African American Children in Foster Care:

HHS and Congressional Actions Could Help Reduce Proportion in Care

GAO-08-1064T: Published: Jul 31, 2008. Publicly Released: Jul 31, 2008.

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A significantly greater proportion of African American children are in foster care than children of other races and ethnicities relative to their share of the general population. Given this situation, GAO was asked to analyze the (1) major factors influencing their proportion in foster care, (2) strategies states and localities have implemented that appear promising, and (3) ways in which federal policies may have influenced the proportion of African American children in foster care. This testimony is based on a GAO report issued in July 2007 (GAO-07-816), which included a nationwide survey; a review of research and policies; state site visits; analyses of child welfare data; and interviews with researchers, HHS officials, and other experts. It includes updates where possible.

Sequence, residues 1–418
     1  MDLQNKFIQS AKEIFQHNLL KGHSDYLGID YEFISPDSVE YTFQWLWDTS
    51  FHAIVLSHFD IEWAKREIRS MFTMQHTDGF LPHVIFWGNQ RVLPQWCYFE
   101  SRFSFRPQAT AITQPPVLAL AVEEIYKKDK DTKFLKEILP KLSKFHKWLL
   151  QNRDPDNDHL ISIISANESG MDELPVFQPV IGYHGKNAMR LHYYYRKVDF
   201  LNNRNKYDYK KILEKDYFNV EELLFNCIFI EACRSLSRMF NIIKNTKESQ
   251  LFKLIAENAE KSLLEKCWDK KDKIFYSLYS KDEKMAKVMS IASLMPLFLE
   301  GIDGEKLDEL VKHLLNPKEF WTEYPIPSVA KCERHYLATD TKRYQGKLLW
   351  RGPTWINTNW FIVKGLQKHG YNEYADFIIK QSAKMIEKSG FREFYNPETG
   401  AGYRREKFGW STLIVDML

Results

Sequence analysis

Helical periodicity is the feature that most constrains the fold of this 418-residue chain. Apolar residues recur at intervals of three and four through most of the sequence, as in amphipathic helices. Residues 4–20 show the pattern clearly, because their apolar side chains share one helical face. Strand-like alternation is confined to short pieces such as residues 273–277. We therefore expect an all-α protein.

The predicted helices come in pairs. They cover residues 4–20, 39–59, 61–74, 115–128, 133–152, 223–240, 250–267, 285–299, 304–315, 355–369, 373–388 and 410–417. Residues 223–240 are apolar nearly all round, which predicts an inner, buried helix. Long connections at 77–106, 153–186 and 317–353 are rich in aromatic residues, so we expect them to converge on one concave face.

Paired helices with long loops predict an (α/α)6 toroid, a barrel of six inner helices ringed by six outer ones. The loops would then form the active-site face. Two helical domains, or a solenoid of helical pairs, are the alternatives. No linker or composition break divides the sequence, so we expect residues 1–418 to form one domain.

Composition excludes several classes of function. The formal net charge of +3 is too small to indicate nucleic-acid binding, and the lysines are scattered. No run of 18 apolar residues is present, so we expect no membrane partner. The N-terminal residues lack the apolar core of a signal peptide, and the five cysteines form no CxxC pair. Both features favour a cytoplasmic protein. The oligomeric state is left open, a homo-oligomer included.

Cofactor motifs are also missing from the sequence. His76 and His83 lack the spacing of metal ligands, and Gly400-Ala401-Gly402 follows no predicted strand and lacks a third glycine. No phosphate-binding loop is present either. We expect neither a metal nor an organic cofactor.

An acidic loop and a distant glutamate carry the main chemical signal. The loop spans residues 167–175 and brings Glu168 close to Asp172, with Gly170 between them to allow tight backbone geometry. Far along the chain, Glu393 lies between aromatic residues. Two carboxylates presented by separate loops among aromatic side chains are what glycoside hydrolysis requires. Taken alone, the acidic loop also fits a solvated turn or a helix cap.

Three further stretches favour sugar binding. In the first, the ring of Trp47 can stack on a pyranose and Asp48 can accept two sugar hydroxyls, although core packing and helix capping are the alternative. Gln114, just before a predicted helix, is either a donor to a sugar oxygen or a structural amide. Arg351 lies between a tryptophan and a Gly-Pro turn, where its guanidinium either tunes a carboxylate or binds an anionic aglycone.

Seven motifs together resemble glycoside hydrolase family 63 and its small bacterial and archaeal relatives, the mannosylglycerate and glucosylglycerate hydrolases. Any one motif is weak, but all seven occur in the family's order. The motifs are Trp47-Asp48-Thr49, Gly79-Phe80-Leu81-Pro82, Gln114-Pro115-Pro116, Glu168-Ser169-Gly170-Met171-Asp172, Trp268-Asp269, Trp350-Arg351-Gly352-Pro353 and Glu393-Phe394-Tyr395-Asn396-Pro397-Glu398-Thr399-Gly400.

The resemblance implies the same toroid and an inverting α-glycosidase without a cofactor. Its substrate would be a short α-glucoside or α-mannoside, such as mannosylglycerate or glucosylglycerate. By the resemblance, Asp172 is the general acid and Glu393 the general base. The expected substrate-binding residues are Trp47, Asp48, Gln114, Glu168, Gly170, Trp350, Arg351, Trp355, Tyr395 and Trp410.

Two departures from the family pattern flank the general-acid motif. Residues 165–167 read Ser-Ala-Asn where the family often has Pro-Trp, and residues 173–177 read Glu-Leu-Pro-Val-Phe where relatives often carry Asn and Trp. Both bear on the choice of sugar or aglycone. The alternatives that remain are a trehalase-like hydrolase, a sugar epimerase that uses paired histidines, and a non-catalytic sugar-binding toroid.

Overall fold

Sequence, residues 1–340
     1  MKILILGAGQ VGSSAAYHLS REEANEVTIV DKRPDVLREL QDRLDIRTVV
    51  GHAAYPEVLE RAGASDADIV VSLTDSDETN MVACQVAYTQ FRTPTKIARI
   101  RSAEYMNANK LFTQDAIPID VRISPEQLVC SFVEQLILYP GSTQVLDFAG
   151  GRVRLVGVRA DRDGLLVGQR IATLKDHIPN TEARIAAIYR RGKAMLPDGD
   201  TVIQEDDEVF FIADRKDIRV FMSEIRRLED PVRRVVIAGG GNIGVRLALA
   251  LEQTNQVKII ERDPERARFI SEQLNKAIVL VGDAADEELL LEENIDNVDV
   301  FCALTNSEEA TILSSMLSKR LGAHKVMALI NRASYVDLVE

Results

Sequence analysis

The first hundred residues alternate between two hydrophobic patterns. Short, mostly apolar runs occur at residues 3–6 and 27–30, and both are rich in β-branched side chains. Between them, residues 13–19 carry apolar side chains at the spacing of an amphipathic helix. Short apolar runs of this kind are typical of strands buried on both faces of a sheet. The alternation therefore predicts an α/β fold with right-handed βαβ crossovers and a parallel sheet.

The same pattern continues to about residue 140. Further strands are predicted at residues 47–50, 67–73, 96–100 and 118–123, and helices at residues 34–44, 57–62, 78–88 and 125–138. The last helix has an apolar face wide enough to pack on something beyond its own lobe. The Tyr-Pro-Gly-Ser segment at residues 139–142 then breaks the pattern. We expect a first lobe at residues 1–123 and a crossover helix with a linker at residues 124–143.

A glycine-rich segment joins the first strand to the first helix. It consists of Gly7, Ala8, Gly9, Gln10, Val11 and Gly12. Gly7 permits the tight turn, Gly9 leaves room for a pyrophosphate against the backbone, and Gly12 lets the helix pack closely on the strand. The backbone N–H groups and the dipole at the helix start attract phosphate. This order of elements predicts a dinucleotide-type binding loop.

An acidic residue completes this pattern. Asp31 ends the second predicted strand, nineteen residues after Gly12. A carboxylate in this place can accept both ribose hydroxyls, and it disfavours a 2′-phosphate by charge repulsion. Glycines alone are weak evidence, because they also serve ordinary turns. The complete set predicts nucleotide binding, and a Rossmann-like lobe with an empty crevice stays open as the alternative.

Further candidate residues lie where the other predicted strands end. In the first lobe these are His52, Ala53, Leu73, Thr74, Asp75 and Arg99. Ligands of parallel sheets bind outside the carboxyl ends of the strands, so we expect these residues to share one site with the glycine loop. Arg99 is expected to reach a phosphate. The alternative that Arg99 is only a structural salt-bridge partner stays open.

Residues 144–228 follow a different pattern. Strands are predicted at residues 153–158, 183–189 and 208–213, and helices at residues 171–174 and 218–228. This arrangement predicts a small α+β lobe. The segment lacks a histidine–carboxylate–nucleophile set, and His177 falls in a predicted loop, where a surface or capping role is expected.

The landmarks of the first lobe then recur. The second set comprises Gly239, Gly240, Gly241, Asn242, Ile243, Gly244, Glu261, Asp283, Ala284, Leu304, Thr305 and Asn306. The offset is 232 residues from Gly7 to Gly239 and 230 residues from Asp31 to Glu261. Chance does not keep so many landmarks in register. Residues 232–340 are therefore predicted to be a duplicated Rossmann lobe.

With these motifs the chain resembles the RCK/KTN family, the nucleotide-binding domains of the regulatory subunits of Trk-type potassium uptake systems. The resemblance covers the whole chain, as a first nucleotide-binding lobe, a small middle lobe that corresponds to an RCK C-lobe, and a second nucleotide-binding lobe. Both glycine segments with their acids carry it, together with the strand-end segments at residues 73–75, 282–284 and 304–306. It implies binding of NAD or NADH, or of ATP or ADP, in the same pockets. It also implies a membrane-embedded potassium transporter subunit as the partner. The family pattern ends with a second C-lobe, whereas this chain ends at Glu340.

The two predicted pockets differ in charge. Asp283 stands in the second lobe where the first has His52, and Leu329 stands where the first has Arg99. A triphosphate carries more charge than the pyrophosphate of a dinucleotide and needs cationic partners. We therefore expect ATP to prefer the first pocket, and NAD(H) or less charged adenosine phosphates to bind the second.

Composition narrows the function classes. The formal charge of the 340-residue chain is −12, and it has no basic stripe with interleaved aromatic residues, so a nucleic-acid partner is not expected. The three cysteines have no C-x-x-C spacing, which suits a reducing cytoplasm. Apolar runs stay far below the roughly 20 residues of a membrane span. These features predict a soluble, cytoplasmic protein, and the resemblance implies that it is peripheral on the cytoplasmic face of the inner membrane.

According to our survey results, key factors contributing to the proportion of African American children in foster care included a higher rate of poverty, challenges in accessing support services, racial bias and distrust, and difficulties in finding appropriate adoptive homes. Families living in poverty have greater difficulty accessing housing, mental health, and other support services needed to keep families stable and children safely at home. Bias or cultural misunderstandings and distrust between child welfare decision makers and the families they serve also contribute to children's removal from their homes into foster care. African American children also stay in foster care longer because of difficulties in recruiting adoptive parents, the lack of services for parents trying to reunify with their children, and a greater reliance on relatives to provide foster care who may be unwilling to terminate the parental rights of the child's parent--as required in adoption--or who need the financial subsidy they receive while the child is in foster care. Most states we surveyed reported using various strategies intended to address these issues, such as building community supports, providing cultural competency training for caseworkers, and broadening the search for relatives to care for children. Researchers and officials also stressed the importance of analyzing data to address the proportion of African American children in care in order to better understand the issue and devise strategies to address it. HHS provides information and technical assistance, but states reported that they had limited capacity to analyze their own data and formulate strategies to address disproportionality. According to our survey, states viewed some federal policies, such as those that promote adoption, as helpful for reducing the proportion of African American children in foster care. However, they also expressed concerns regarding policies that limit the use of federal funds to provide preventive services and support legal guardianship arrangements. As an alternative to adoption, subsidized guardianship is considered particularly promising for helping African American children exit from foster care.

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